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Elvis convinced people to take Polio vaccine, could a famous Washingtonian do the same for COVID?

Allison Miller, a nurse, administers a COVID-19 vaccine to Alan Goto, a paramedic with the Seattle Fire Department, at the UW Medical Center on Dec.15, 2020 in Seattle, Washington. (Photo by David Ryder/Getty Images)

The first doses of a COVID-19 vaccine rolled out in Washington on Tuesday morning. The big question now, though, is whether enough people are willing to get the injection when it’s available to the public.

According to a Gallup poll from October, 58% of Americans said they’d be willing to get vaccinated, which is up from previous surveys, but still might not be enough to reach herd immunity.

Fortunately, it’s not the first time in American history we’ve struggled with this problem.

In 1955, Dr. Jonas Salk’s polio vaccine was considered safe and effective. A lot of children were vaccinated, but teenagers didn’t realize they were at risk, and weren’t as likely to get it.

About a year later, after a performance on The Ed Sullivan Show, Elvis Presley received a polio vaccine on air.

In a CNN opinion piece, journalist and historian David M. Perry credits this broadcast with convincing young people to get the vaccine, and contributed to the eventual triumph over the disease.

The problem now is we don’t really have an Elvis anymore. Who is the Presley of 2020? Baby Yoda?

Because the internet fractured our pop culture into a million smaller slices, there’s not an obvious pop star to go to for any vaccine public relations needs. We’ll need to find multiple different kinds of pop stars to reach multiple different demographics.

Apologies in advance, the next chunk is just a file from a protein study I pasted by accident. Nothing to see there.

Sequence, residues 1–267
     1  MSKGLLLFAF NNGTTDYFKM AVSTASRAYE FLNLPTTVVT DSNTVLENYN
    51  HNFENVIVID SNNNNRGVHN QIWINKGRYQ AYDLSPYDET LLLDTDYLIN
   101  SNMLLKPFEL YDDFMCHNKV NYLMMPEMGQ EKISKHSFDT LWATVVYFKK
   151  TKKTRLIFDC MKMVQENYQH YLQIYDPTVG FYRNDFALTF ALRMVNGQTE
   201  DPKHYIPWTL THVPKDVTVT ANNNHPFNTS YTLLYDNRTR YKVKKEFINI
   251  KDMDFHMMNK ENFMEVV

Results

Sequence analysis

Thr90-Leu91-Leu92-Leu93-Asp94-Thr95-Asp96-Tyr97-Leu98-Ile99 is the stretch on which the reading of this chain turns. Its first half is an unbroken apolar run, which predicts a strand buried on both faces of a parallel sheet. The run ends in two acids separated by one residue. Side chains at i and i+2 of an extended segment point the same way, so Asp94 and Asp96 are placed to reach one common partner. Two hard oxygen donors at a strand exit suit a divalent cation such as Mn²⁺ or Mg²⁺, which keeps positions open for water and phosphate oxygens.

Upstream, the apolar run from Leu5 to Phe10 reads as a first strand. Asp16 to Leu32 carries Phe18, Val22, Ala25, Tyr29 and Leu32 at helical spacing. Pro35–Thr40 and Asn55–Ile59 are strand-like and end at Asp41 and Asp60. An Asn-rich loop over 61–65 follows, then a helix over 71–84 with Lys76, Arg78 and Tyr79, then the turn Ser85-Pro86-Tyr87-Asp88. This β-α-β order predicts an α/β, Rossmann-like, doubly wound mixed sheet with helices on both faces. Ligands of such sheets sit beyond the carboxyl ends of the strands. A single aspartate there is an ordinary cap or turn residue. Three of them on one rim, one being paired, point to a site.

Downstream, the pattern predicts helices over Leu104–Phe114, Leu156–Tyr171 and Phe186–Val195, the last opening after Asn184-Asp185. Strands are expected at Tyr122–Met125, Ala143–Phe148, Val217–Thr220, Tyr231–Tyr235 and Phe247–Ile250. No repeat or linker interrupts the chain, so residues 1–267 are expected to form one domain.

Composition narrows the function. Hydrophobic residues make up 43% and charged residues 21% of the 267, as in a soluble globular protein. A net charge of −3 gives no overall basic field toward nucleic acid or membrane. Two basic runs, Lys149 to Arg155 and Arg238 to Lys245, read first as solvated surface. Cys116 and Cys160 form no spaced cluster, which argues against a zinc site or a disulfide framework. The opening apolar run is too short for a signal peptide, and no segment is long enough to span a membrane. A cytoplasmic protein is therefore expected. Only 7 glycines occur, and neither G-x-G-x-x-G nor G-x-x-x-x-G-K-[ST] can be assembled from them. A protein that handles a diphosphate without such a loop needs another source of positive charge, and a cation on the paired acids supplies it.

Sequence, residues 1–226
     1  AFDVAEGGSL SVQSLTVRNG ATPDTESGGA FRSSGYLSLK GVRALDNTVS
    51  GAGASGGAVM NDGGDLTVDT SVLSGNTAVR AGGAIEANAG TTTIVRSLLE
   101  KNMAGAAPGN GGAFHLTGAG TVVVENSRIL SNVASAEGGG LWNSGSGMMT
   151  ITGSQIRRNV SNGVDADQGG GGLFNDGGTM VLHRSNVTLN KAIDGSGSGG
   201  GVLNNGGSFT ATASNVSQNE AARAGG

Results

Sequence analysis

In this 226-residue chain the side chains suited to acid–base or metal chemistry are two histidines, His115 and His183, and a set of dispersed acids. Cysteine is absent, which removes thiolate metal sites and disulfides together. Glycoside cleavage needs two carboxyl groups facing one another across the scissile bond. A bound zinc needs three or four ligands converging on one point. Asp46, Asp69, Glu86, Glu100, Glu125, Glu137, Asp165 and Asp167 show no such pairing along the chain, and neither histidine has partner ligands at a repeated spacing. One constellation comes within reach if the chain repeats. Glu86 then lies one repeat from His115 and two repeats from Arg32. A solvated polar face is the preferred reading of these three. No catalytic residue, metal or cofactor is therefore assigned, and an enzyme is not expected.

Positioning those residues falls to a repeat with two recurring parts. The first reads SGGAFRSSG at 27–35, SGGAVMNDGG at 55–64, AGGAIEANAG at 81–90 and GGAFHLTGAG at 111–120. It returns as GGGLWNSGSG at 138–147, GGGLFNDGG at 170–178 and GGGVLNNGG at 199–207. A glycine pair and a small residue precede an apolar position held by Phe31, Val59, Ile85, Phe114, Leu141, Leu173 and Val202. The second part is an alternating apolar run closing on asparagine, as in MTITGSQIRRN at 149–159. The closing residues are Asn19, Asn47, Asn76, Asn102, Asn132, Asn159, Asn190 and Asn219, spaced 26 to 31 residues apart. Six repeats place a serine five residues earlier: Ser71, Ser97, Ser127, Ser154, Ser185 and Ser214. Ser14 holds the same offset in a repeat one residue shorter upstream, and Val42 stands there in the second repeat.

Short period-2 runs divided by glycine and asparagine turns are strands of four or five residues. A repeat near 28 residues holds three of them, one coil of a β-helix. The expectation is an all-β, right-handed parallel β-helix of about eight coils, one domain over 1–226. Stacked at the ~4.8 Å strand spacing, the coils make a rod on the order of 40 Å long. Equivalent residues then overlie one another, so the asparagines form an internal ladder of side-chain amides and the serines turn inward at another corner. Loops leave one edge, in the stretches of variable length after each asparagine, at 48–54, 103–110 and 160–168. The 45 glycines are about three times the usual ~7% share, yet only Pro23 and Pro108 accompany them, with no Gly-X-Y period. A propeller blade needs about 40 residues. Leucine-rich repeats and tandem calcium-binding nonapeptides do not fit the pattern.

I suggest we break it up by region. Each state should find a public figure willing to get the vaccine on camera, and then release the video in hopes it convinces the residences of that state to get on board.

I searched for “Famous Washingtonians” to try to come up with some ideas for us. I’ve also included my thoughts about whether they’d be a good fit for this:

  • Bill Gates: He’s actually agreed to do this, but I’m not convinced it will help. Most of my Facebook feed seems to be already convinced Gates is putting some kind of mind-control device into the vaccine. Him making a big show of getting it might actually make things worse.
  • Chrissy Teigen: I don’t think you even need to ask her to do this, I bet she just will. I don’t know that it would actually result in any more vaccinations, but I would probably watch it.
  • Macklemore: I actually think this would make the vaccine seem way less cool.
  • Craig T. Nelson: Did you know he was born in Spokane? I didn’t until now. I think he’d be a great pick mainly because I know my parents know who he is.
  • Loren Culp: I think Culp would actually be the most impactful choice. It seems like he could really change some minds. Would he be willing? I don’t think so. I suggest we also offer to vaccinate his guns, the things he really cares about. Might make him more amenable.

The KIRO Radio Rundown Podcast collects takes from each KIRO Radio host on the biggest stories of the week and puts them in one place. Released Tuesdays and Thursdays by 7 p.m.

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